READ THE FIRST TWO CHAPTERS: Queen of Nod (The Balance, #2), by C.W. Snyder
“Well I came upon a man at the top of a hill,
called himself the savior of the human race.
Said he come to save the world from destruction and pain,
but I said, “How can you save the world from itself?”
Shawn James, Through the Valley
In a spellbinding followup to C.W. Snyder's March 2020 release, Child of Nod, Alice embarks on a journey of self-discovery and survival through the world of Fae... Join her and Zee this Tuesday!
Queen of Nod (The Balance, #2), by C.W. Snyder
Alice hoped to find peace after the death of the Red Queen. Instead, she faces a new foe: a plague of madness that threatens to bring Nod to its knees, shaking the foundations of the afterlife. Forced to flee from her home and abandon her throne, she is led on a journey that has the potential to remake or break her.
From the forest world of the Fae to the expanse of the multiverse, Alice and Zee search desperately for a cure before it's too late. Along the way, they meet new companions and enemies - the powerful and deadly Magi, the changeling princess Maggie, and the Triad, a sinister trio of brothers who would stop at nothing to subjugate all they see.
The fate of Nod hangs in the balance, and the key might just lie in the one place Alice has never dared to go - the depths of her own mind.
Once upon a time, there was a girl who was dead. She was different now: a little older—though, in this place, you could not tell—a little wiser, a little tougher. She had seen the world consume those who needed protection and deliver those who deserved punishment. In it, she knew there was a balance to maintain. She often thought of her friends and, further away, like a star through clouds, her family. She thought of lives lost and kingdoms won, and the great wheel at the center of it all, bringing each thing around again, like painted spokes.
Now, she stood on a balcony overlooking the sea and watched the waves come in, silver and cold, white fingers of spray reaching between the rocks of the coast for the tan sands of the shore. In the distance, above the dancing whitecaps, steel-gray clouds lowered over the water and sparked with an angry light. She thought the storm would miss the Crown and the Reach, and while she was thankful, she knew the land needed the rain.
She found truth in struggle—in what lay between want and need, she saw the Balance. Though she held the seat of the White, and calm permeated the land, things would have to change. She knew the storm would have to come because without rain, there was no life, and without life, there was no meaning. She only hoped those who relied on her rule held fast through what trouble might come.
Someone called her name from within the Crown, and she turned to go. Behind her, the distant sound of thunder dogged her footsteps.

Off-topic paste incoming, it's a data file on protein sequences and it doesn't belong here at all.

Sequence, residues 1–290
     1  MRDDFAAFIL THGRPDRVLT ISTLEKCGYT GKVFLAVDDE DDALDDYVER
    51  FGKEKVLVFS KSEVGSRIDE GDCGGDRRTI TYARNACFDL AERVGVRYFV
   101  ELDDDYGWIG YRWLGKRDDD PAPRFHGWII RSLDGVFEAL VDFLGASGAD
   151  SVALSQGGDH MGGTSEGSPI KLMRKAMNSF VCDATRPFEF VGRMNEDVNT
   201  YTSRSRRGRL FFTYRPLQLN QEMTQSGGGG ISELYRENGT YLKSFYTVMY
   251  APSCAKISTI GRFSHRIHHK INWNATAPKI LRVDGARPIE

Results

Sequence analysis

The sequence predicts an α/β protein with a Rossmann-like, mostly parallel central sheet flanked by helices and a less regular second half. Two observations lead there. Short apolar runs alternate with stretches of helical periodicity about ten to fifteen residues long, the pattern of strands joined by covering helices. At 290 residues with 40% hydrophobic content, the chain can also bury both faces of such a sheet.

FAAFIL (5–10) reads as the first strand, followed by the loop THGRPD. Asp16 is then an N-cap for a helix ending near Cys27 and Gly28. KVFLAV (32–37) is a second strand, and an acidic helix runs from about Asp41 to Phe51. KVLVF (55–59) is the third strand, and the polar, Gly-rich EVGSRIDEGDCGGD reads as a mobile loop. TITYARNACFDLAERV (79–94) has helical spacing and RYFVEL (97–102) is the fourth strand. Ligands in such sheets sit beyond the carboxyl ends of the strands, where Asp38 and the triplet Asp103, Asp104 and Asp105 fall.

They’d always maintained the Balance. The proof was there—in black and white, chiseled into stone, etched onto steel discs, and in tomes long forgotten. The Balance and the Blood went hand in hand. A multitude of worlds whirled in their own cosmos, each different from the last, sparks from a fire. There were constants, though—Nod, for one. That ancient land, that other place was the lynchpin. Mr. Black and the Blood, they were the caretakers. Theirs was a position to envy.
It’s bullshit, Poe thought and slammed the Codex shut. Thankless work for ungrateful souls. You see them—their arguments, their wars, their petty squabbles. One day it’s compassion for the homeless children, the next, they’re ready to lynch the man whose views don’t match their own. They quote Buddha and Gandhi while squabbling about lines drawn in the sand. Sociopaths and schizoids run the world, and it’s all bullshit.
He re-shelved the book and stood, yanking the string on the light hung over the small desk. He left, closing the door behind him, and strode purposefully down the austere halls. The quiet and simple surroundings rankled him. He hated the look, the feel, even the smell of the place. The airs they put on were all so much…bullshit. The world needed a guiding hand, a fist at the till, not a playground monitor. In the hall, he passed a tapestry depicting a mouse pulling a thorn from a lion’s paw. He snorted. Such simplistic thinking had dragged mankind down.
He pushed through the door from the cloisters and into the foyer. Others milled around, the murmur of their voices a low susurration. There was a hematurge—a blood mage—from Nairobi and a chromatist from Detroit. The latter was an artist of some sort. Appropriate enough, he supposed, but useless in the bigger picture. He was more interested in her ability to manipulate others’ emotions—something she was doing now, drawing a young dancer closer to her circle of influence. He watched their body language for a moment, then cleared his throat.
“Naomi,” he said, gesturing for her to join him. After a moment’s thought, he waved to the hematurge as well. “Joseph.”